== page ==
Fear is a strong emotion that demands to be listened to, and, for good reason. When we experience fear (real or perceived) our body reacts automatically in a way to keep us safe. Our body begins to pump stress hormones like adrenaline and cortisol into our system so that we have the energy needed to respond to the threat. This is amazingly helpful when we are truly threatened and need the energy to keep ourselves safe.
The challenge is that our body can’t always discern between a real threat and a perceived threat. When we worry about things in our life our body responds to this stress in the same way as it would if we came across a bear in the woods. Experiencing the emotion of fear in our body can then cause us to try to stay away from anything that might trigger that feeling. Feeling fearful is unpleasant at best and downright terrifying at worst.
It’s important that we pay attention to our fear and be curious about it so that we can determine if the fear is something that is keeping us safe. If it is, then by all means listen to the message and allow your body to go into protective mode. If it is keeping you from moving into the discomfort zone (but isn’t threatening), then pay attention to what might be causing you the discomfort and whether or not it will serve you to move forward, despite the discomfort.
Think about the last time you made a decision to make a big change in your life; such as moving, changing jobs or schools, or ending a relationship. You likely thought a lot about the shift and you might have felt fearful about the change. Your fear about what could happen and the discomfort it caused, even if temporary, might have kept you from taking steps towards the change. The stress of making the decision kept you from facing your fears and moving forward.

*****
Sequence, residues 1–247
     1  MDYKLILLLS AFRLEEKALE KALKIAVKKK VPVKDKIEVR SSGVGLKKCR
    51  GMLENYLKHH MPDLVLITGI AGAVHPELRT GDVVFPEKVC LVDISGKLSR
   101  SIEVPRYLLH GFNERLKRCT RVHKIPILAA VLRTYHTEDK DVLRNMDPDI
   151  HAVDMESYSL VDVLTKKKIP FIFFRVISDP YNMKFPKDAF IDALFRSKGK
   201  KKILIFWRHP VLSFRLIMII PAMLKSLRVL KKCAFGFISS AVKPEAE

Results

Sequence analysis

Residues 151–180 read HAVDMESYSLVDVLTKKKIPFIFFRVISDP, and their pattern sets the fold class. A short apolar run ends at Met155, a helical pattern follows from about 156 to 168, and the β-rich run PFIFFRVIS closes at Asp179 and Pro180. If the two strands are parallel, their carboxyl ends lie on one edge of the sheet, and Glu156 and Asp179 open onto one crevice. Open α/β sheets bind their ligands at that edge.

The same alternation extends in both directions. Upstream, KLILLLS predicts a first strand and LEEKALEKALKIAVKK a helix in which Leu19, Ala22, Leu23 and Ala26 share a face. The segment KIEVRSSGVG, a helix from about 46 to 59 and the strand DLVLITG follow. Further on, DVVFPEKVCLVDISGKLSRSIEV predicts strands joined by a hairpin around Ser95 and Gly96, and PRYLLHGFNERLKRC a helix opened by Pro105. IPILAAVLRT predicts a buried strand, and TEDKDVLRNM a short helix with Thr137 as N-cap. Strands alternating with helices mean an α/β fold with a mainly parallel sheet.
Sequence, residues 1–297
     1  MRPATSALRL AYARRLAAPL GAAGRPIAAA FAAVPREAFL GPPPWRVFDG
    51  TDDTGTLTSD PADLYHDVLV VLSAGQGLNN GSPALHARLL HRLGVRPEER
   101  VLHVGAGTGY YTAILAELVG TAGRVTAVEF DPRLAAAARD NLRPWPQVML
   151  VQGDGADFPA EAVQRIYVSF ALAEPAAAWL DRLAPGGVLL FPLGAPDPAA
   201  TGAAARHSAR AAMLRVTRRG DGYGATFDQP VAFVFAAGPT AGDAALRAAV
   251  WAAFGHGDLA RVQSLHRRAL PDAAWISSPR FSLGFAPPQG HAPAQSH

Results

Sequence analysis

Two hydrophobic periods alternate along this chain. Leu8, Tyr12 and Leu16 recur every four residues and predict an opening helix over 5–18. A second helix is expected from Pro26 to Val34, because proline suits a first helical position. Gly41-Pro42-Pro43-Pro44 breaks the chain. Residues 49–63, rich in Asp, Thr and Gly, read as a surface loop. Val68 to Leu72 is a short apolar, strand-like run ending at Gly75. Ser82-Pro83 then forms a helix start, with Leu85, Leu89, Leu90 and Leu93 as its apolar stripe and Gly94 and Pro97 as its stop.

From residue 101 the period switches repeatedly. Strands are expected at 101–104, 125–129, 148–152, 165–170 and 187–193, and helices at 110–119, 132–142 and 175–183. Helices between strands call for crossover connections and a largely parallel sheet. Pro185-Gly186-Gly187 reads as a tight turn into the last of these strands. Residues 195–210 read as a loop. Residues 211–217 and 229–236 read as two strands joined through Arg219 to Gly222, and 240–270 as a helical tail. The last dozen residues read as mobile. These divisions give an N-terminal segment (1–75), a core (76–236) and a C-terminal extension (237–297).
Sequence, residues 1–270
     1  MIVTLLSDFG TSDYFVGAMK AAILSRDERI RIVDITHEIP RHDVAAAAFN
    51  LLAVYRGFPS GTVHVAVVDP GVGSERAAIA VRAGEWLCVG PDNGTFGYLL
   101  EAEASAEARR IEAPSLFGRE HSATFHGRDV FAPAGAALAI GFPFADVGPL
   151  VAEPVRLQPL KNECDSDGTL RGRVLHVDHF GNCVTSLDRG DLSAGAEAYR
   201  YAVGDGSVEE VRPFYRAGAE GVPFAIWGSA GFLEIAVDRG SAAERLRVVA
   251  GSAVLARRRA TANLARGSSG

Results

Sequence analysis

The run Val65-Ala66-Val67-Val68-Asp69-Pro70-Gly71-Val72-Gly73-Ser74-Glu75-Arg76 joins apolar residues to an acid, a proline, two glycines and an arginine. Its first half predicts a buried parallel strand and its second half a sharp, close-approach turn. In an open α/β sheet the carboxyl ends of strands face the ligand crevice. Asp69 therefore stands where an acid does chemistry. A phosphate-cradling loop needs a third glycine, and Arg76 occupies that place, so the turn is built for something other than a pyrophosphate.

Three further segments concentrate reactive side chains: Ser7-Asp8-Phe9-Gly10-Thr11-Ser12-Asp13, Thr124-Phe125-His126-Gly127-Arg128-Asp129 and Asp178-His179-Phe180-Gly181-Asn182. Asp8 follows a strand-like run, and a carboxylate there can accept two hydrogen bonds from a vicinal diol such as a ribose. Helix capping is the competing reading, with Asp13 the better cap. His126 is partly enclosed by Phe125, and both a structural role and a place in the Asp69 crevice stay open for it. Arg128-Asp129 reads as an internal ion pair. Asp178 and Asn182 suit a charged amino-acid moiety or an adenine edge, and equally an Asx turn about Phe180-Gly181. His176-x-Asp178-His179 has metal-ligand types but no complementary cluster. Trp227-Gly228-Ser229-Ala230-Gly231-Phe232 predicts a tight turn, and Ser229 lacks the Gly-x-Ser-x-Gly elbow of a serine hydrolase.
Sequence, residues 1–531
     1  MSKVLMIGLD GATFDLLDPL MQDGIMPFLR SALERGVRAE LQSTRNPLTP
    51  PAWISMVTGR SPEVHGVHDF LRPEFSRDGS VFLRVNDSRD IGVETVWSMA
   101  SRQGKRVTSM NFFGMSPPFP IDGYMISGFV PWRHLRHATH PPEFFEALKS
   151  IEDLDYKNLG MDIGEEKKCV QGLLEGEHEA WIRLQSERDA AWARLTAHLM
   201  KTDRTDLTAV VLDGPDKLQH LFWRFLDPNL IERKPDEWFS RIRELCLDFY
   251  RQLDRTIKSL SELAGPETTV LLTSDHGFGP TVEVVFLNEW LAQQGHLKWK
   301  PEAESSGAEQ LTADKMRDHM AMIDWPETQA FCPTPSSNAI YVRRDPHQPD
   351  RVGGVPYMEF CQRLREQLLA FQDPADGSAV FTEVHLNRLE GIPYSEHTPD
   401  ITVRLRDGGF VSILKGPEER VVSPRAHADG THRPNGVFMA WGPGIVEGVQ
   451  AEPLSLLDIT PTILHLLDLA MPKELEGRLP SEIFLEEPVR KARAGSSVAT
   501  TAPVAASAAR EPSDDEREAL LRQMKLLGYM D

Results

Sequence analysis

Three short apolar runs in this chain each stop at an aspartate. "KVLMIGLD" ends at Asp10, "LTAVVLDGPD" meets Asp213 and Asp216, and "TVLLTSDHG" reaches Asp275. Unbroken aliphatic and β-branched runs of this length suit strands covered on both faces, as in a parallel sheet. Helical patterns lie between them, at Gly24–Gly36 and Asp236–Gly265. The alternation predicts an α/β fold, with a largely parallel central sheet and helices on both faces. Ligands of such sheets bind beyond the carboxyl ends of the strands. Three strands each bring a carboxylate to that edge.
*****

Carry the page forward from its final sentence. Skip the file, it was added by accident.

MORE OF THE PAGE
Can you differentiate between fear that is keeping you safe and fear that is keeping you small?
Fear that is keeping you small will feel uncomfortable, but not life threatening. It will keep you from trying something new or changing long held patterns of behavior. You might find yourself wanting to hide or run away from the fear because of how unpleasant it makes you feel. The more you push away from the emotion, however, the stronger it could get over time.
By constantly shying away from your fear you could be saying no to the new job, move, or relationship that could be life changing. By staying small you might be limiting your opportunities for a more expansive and joyful life. Staying small can feel a lot more comfortable in the short term but can lead to disappointment in the long run.
How do you overcome fear that is keeping you small?
Take a deep breath, acknowledge the discomfort and ask yourself if the feeling of fear is keeping you safe or small. Know that you have the capacity within you to move forward despite the emotional response you are having.
Spend some time relaxing your body so that your stress response calms down and your nervous system can try to regulate. Breath into the fear and thank it for the wisdom it brings and its intention to keep you safe.
Choose how you want to respond and know that you have the power to do hard things. When you expand beyond your comfort zone you might begin to realize just how expansive your life can be.